If you measure the position of a particle, the wave function collapses into a spike. It's then possible to measure to the momentum of the particle, however, it will collapse again into a defined wavelength but the position you first measured won't be the same!

    There is, however, a way to make it so when you measure the momentum you won't disturb the particle but I can't remember it off the top of my head
     
  7. Jul 14, 2011 #6
    This might be the answer. I forgot to think about wave function. Thank
     
  8. Jul 14, 2011 #7

    Drakkith

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    I'm not asking for some deeper understanding, I'm asking why we accept that particles simply don't have a defined position and momentum. I've read a little bit on QM, but I have no idea how to even do most of the math to figure this stuff out, which is probably why I don't really understand most of it. For example, I have no idea what a commutator is. Nor what eigenstates and eigenvalues are. Heck, I don't even know how to do a function.
     
  9. Jul 14, 2011 #8
    That comes from when you make the change from a particle, to a wave function, and when you do that you start to use a thing called Born statistical interpretation! It pretty much says what's the probability of finding the particle between two points at a certain time given the wave function. Really all you can do with QM is find POSSIBLE results, since QM just gives us statistical information.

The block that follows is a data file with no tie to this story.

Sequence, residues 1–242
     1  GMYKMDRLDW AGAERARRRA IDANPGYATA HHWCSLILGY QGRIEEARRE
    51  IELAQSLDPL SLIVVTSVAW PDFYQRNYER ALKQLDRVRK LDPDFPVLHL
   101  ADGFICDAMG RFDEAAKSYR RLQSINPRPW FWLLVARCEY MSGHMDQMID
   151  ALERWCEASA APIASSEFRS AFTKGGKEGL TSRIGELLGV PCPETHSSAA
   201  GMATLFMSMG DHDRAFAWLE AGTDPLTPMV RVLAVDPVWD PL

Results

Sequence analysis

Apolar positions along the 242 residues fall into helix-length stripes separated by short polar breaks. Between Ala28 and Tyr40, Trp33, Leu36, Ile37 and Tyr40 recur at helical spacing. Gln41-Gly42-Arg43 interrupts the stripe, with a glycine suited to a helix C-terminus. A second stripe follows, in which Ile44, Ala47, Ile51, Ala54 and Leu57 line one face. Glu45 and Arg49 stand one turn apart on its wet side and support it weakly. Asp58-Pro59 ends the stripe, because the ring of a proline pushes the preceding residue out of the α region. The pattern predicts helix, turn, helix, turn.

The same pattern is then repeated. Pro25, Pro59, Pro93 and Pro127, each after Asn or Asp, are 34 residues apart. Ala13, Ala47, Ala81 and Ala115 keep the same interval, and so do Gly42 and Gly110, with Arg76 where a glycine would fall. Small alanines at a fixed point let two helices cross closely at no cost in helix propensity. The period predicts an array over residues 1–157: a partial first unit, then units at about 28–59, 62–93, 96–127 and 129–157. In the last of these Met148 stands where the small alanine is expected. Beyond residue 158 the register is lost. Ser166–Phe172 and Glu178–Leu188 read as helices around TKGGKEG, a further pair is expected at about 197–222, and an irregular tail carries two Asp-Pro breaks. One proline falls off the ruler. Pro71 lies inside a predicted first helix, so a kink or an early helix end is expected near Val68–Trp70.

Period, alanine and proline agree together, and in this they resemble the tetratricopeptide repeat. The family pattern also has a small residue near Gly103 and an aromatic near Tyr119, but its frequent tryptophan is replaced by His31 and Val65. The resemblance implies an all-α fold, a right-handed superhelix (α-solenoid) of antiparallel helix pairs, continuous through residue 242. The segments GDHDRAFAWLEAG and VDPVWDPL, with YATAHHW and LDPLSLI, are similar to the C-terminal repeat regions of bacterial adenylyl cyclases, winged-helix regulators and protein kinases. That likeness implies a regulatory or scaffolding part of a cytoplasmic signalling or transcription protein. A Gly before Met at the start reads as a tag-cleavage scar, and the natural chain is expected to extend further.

Last edited: Jul 14, 2011
  10. Jul 14, 2011 #9

    Drakkith

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    Alright. Now, I understand that the measurement of a particle can't determine position and momentum 100% accurately, but why the leap from there to the belief that a particle simply doesn't ever have it ?
     
  11. Jul 14, 2011 #10
    I don't have the time at this very moment to answer that (going to sleep). However, tomorrow I will have an answer to post (assuming no one else answers it)! Pretty much saying, good question :P and I have to think about it in the morning.
     
  12. Jul 14, 2011 #11

    rcgldr

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    Even though measurement can't be made directly, wouldn't it be possible to describe the position, velocity, acceleration, momentum, ..., of a particle as functions with respect to time, based on a known (possibly calculated) initial state and/or final state and the characteristics of the environment?